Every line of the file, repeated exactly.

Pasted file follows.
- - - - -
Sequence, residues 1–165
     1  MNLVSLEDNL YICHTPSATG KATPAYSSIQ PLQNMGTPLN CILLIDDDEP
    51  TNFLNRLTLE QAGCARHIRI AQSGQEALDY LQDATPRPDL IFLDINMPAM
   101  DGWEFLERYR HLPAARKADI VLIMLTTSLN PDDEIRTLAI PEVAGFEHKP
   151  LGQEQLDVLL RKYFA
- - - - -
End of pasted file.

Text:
Sequence, residues 1–165
     1  MNLVSLEDNL YICHTPSATG KATPAYSSIQ PLQNMGTPLN CILLIDDDEP
    51  TNFLNRLTLE QAGCARHIRI AQSGQEALDY LQDATPRPDL IFLDINMPAM
   101  DGWEFLERYR HLPAARKADI VLIMLTTSLN PDDEIRTLAI PEVAGFEHKP
   151  LGQEQLDVLL RKYFA